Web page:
Deploying speech recognition locally versus the cloud

December 17, 2015 OpenSystems Media

Everyone familiar with Siri, Google Now, Cortana, S-Voice, and/or Echo is familiar with the progress and improvement in speech recognition over the past decade. Much of this improvement comes from cloud-based recognizers deploying “deep learning” on big data.

Although it’s often out of the spotlight, there’s been lots of progress in speech recognition for embedded systems. In fact, most of the major speech engines deploy a combination of embedded plus cloud-based recognition. This is most noticeable in commands like “Hey Siri,” “OK Google,” “Hey Cortana,” “Hi Galaxy,” and “Alexa.” All of these cloud-based recognition systems use embedded “trigger” phrases to open the cloud connection to ready itself for the speech recognition.

Embedded trigger phrases allow a few improvements and practicalities over cloud-based approaches. For one, having an embedded recognizer “always on” is a lot less creepy than having your conversations going up to the clouds for Google and others to analyze any way they want. Since it’s on-device, there’s no speech recording or transmitting until the trigger phrase is spoken, and the trigger listening is done in real time without your speech being sent off.

There are also practical reasons for an embedded wake-up trigger, and a leading one is power consumption. Running exclusively on in the cloud would require lots of data transfer and analysis, making a battery-operated or “green” product impractical. Many major DSP companies have solutions for “always on” DSPs that run Sensory’s TrulyHandsfree wake-up trigger options at 2 mA or less. With sound activity detection schemes, the average battery drain can be under 1 mA, placing it in the realm of battery leakage.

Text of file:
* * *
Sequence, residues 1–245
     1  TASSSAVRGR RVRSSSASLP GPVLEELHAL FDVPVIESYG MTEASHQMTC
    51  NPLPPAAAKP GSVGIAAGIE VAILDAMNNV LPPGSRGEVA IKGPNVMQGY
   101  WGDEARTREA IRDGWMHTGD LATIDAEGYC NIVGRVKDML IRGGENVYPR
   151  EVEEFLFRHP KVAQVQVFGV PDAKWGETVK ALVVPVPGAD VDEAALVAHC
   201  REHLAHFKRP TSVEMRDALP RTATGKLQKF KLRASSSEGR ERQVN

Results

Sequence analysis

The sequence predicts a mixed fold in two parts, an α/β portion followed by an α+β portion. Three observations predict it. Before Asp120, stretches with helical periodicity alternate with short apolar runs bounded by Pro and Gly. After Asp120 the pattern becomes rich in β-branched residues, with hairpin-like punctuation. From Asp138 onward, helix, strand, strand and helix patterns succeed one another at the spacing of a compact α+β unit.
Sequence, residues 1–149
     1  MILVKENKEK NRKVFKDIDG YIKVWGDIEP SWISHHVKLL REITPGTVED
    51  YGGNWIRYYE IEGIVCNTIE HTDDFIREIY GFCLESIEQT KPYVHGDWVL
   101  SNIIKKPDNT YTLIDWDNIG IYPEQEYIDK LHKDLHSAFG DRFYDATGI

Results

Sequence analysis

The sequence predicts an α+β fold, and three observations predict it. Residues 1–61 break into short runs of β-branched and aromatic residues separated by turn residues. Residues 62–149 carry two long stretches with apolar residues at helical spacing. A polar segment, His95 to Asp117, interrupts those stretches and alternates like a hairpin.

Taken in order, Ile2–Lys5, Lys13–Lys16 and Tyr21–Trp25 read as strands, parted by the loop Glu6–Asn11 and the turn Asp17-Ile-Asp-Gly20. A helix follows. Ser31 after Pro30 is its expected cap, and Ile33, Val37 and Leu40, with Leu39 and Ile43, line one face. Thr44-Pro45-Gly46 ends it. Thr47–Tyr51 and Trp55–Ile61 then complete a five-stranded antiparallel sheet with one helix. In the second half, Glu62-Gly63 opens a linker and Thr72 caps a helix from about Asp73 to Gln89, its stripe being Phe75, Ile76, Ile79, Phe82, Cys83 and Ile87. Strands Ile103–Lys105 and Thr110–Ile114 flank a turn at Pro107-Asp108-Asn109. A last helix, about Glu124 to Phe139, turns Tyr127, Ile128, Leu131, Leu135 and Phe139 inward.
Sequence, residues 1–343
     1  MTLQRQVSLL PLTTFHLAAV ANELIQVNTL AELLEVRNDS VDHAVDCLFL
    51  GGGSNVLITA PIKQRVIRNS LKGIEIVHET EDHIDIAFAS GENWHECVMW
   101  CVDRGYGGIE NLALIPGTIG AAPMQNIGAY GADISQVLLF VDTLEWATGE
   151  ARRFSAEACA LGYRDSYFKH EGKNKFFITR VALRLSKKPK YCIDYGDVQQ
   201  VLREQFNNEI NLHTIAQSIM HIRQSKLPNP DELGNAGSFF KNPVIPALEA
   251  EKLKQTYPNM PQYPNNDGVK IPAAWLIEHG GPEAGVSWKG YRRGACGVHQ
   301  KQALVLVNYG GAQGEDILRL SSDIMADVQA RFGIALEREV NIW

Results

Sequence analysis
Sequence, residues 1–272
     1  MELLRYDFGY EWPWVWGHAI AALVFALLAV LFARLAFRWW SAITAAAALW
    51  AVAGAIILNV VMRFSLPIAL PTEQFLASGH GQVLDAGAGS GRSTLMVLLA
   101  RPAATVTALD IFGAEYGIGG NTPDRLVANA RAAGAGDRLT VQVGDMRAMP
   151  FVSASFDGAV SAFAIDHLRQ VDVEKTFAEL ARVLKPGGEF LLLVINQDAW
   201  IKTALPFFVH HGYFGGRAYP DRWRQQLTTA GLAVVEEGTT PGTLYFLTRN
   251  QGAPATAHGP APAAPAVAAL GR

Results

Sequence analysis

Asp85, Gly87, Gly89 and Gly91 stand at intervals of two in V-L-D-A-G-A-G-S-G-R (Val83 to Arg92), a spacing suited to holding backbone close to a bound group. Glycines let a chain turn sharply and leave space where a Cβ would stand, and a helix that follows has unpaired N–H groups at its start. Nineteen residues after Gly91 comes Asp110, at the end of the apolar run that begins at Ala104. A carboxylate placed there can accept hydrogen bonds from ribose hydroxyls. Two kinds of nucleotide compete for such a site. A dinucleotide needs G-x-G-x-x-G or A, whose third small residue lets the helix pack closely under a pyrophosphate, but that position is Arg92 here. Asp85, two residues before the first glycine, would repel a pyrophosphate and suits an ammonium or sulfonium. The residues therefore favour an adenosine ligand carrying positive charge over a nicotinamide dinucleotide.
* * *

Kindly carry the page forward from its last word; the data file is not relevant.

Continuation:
Other popular uses of embedded speech recognition are in devices that want fast and accurate responses to limited commands. One of my favorite examples is in the Samsung Galaxy smartphones where, in camera mode, users can enable voice commands to take pictures. This works for me from up to 20 feet away in a quiet setting or 5 feet in a noisier location. It’s an awesome alternative to carrying around a selfie stick, and whenever I show this feature to people they quickly get it and love it.

Embedded speaker verification is also being deployed more frequently and is often incorporated into a wake-up trigger to decrease the probability that others can wake up your device. With speech recognition and speaker verification, there’s always a trade-off between false accepts (accepting the wrong user) and false rejects (rejecting the right user). The preferred wake-up trigger setting is often to keep false rejects extremely low at the cost of occasionally letting the right person in. In systems requiring more sophisticated speaker verification for security, it’s possible to deploy more complex algorithms that don’t require the lowest power consumption, to gain better accuracy at the cost of increasing current consumption.

As consumer products and mobile phones use more sophisticated processors, I expect a higher percentage of speech recognition use will move to the embedded devices, and a “layered” speech-recognition approach will emerge, whereby a fast initial analysis is done on device and responded to if the device has a high confidence of success (self-perception), but passed to the cloud if it’s less sure of its response or if a cloud-based search is required.

Todd Mozer is the CEO of Sensory. He holds over a dozen patents in speech technology and has been involved in previous startups that reached IPO or were acquired by public companies. Todd holds an MBA from Stanford University, and has technical experience in machine learning, semiconductors, speech recognition, computer vision, and embedded software.

Todd Mozer, Sensory, Inc.
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